Taxable event will shift from Mfg. or Sale of Goods or Provision of services to “Supply of Goods and Services”.
GST on export would be zero rated. Both CGST and SGST will be levied on import of goods and services into the country. The incidence of tax will follow the destination principle and the tax revenue in case of SGST will accrue to the State where the imported goods and services are consumed.
Full and complete set-off will be available on the GST paid on import of goods and services. After introduction of GST, all the traders will be paying both the types of taxes i.e. CGST and SGST. The rules for taking and utilization of credit for the Central GST and the State GST would be aligned.
The taxpayer would need to submit common format for periodical returns, to both the Central and to the concerned State GST authorities. Revenue from interstate transactions to accrue to the destination state and not to the Origin state.
Under GST, registration is likely to be linked with the existing PAN. The new business identification number is likely to be the 10-digit alphanumeric PAN, in addition to two digits for state code and one or two check numbers for disallowing fake numbers. The total number of digits in the new number is likely to be 13-14.
It is estimated that the Government will keep the rate somewhere in between from 16% to 27%. This represents the aggregate of CGST and SGST payable on a transaction. There with be a two-rate structure –a lower rate for necessary items and items of basic importance and a standard rate for goods in general. There will also be a special rate for precious metals and a list of exempted items.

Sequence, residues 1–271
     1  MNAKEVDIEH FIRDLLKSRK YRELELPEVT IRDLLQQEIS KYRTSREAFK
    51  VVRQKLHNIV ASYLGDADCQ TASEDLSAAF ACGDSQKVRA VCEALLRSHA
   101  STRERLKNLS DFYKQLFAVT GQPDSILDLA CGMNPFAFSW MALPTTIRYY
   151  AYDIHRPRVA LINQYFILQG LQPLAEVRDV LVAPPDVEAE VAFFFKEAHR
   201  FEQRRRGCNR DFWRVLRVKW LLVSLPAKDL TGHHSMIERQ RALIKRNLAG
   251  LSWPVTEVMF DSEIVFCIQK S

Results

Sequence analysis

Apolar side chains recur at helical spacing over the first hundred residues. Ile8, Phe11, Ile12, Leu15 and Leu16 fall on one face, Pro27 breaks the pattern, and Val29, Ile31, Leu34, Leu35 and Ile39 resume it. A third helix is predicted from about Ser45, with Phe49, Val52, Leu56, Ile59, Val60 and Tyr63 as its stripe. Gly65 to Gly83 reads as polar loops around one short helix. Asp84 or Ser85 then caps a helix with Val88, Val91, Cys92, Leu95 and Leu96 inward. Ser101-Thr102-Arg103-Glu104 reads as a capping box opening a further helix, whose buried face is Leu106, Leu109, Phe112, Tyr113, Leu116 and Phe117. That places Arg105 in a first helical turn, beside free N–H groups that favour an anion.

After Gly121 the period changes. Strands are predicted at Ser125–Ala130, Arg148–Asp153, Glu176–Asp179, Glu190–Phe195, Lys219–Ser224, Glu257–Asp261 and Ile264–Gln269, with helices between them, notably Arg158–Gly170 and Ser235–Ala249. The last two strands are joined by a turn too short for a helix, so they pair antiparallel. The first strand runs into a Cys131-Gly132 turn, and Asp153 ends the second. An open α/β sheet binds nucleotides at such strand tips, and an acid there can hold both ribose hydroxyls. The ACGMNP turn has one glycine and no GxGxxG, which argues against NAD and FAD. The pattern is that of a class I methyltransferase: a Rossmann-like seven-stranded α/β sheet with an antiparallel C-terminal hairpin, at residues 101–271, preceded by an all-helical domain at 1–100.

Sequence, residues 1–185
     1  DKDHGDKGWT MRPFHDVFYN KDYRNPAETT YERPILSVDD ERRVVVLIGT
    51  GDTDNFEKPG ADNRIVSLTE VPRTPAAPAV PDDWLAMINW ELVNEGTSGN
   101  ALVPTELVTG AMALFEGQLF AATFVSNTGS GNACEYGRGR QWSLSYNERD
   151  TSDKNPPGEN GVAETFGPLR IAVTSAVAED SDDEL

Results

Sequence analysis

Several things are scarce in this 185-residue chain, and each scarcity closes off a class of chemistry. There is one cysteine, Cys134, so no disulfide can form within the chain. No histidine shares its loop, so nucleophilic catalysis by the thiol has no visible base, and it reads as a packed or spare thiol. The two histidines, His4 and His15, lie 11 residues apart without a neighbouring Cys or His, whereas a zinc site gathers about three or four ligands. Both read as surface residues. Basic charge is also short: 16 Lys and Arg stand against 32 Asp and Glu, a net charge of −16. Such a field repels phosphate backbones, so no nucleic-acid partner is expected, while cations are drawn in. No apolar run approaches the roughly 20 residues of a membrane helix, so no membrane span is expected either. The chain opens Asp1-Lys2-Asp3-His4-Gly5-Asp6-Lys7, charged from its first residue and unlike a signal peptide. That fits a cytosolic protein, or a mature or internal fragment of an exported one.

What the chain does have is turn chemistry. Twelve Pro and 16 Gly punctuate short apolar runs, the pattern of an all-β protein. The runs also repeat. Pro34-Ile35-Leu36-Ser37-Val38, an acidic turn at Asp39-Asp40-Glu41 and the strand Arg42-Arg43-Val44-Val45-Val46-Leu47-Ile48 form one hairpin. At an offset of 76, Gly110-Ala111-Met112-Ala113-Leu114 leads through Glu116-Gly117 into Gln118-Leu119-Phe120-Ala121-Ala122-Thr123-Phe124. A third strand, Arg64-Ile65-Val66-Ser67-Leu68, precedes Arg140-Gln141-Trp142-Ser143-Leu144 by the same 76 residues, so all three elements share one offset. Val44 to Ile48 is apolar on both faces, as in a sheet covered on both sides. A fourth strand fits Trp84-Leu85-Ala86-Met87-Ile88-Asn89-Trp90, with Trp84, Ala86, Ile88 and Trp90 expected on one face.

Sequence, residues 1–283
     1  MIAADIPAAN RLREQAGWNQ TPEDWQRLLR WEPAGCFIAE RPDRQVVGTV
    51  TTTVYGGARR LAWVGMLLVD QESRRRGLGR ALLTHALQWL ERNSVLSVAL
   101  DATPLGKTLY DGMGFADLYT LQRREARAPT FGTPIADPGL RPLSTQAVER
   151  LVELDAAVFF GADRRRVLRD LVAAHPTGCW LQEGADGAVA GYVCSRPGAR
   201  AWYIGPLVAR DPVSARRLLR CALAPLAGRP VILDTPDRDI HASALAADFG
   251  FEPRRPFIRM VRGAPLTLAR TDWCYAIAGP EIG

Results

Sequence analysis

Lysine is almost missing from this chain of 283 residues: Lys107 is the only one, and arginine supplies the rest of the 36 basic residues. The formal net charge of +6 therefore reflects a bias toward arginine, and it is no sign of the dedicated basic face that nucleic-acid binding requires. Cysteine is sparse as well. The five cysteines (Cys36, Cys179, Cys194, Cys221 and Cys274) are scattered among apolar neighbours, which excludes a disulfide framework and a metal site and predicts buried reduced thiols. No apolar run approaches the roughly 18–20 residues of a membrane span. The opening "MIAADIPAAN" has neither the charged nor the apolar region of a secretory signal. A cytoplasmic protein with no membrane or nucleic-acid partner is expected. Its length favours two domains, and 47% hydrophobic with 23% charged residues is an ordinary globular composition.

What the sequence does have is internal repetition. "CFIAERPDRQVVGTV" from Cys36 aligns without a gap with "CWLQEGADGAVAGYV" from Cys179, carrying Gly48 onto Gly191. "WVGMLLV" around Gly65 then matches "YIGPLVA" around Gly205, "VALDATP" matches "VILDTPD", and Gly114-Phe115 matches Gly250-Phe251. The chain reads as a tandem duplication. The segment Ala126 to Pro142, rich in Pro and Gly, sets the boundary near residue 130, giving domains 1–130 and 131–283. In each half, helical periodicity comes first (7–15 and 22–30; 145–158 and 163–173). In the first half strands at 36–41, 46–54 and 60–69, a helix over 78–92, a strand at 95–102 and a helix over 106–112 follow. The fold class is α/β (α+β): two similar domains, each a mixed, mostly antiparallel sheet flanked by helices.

Cross utilization of CGST and SGST credit not permitted except under IGST.
SALIENT FEATURES OF 122ND CONSTITUTIONAL BILL
The Centre will compensate States for loss of revenue arising on account of implementation of the GST for a period up to five years. A provision in this regard has been made in the Amendment Bill. The compensation will be on at appearing basis, i.e., 100% for first three years, 75% in the fourth year and 50% in the fifth year.
It is proposed that Central Government would levy and collect an additional tax at threat of not more than one percent, in respect of the supply of goods in course of inter-state trade or commerce. The tax is proposed to believe for a period of 2years.
The additional tax would be collected by the Centre and would be apportioned to the state from where the supply originates. The additional tax would be non- vatable.
A new Article 279A is proposed for the creation of a Goods & Services Tax Council which will be a joint forum of the Centre and the States. This Council would function under the Chairmanship of the Union Finance Minister.2/3rd Representatives will be that of State & 1/3rd of the Centre. All decisions will require 75% of the votes. Thus, practically, any decision in GST Council cannot be taken without consent of Union Government. It will have statutory powers only in following situations:
(a) When petroleum products should be brought in the GST net
(b) Distribution of revenue of IGST and CGST among Union and States
(c) Continuation of 1% tax on supply of goods inter-state
(d) Compensation to States for loss of revenue for period up to five years.
The Council will make recommendations to the Union and the States on important issues like tax rates, exemptions, threshold limits, dispute resolution modalities etc.
Thus in nutshell, we can say Excise and Service Tax will be known as CGST. CST will be known as IGST. In case of imports from outside India, in place of CVD and SAD, IGST will be charged.
BENEFITS OF GST:
There are many benefits of GST. These can be categorised under the following categories.